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When to Retire a Hook from Service

When to retire a hook from service

Using a damaged, expired, or malfunctioned hook is more than just a risky move; it’s a potentially fatal lapse of judgement. Sling slippage, loss of load control, and on-site injury become imminent possibilities when you use a hook that isn’t up to par. Therefore, it’s essential to know what to look for when you inspect a hook and how to tell when it’s time to retire it from service.  

When to Retire a Hook

Hooks might not come with exact expiration dates, but you can easily tell when one needs replacing. Monthly hook inspections are essential to every lift and rigging crew, because they can detect defects, malfunctions, or any other equipment errors proactively. Here are the most common signs to look for when inspecting your hook.

  • Hook requirements

    If an upcoming job requires you to lift a weight larger than the hooks’ maximum capacity, you should rely on a stronger tool. Of course, you don’t have to retire a hook that you can effectively use on another job, but you should never use a hook that can’t handle the weight of the load.

  • Hook latch

    If you notice that the safety latch, or hook latch, is broken or even bent, you should retire it from service. When you use a hook with a damaged safety latch, you run the risk of losing control of the attached sling, which compromises the safety of your crew.

  • Hook stretching

    If you notice that a particular hook looks off, it could mean that the hook has stretched. If you notice that a hook has stretched over 15% or twisted over 10%, retire it immediately to keep everyone on the job safe. After a hook stretches, it weakens much easier, which creates a number of potential safety hazards.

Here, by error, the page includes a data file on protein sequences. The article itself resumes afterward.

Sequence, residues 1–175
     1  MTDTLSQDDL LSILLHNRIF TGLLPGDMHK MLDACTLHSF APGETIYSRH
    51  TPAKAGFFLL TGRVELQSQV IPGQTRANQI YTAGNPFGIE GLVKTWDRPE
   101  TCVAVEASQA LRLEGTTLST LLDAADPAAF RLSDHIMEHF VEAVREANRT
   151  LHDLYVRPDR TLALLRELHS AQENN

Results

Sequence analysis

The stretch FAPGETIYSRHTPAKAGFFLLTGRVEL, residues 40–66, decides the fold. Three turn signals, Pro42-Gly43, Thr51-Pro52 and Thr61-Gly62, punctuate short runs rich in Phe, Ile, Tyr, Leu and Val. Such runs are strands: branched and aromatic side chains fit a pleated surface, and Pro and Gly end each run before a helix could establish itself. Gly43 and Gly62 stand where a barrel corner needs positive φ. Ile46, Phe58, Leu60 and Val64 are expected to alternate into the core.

• Hook identification

    Each hook comes with affixed identification markings disclosing the manufacturer, load capacity, and other essential pieces of information. If this information has worn off of the hook or is impossible to read, you should retire the hook and refer to another piece of equipment that has clear identification markings. Similarly, if you recently bought a hook that didn’t have any identification at all, consider returning the equipment, because it’s most likely defective.

  • Hook damage­

    Hooks, just like every other piece of equipment, age with time and with use. If you notice any damages to the hook beyond small scratches or indentations, you should consider retiring it from service. Cracks or bends in a hook can lessen its reliability and put your crew in serious danger.

How to Preserve a Hook

To preserve the life of your lift and rigging equipment, carefully follow the identification tag limits. If you force your hook to carry a load that’s too heavy, it can easily bend or crack your hook and disrupt the entire plan for your job.

You should never push a hook past its prime. If your equipment is ready for retirement, you can replace your tools with modern, reliable, and safe options from the Florida Wire & Rigging Catalog. We offer a range of hooks, slings, and other lift and rigging equipment so every job has the supplies necessary. Our team of lift and rigging professionals can also train your crew to understand when to retire your tools and how to maximize your new ones. For more information, call us today at 800-846-0309.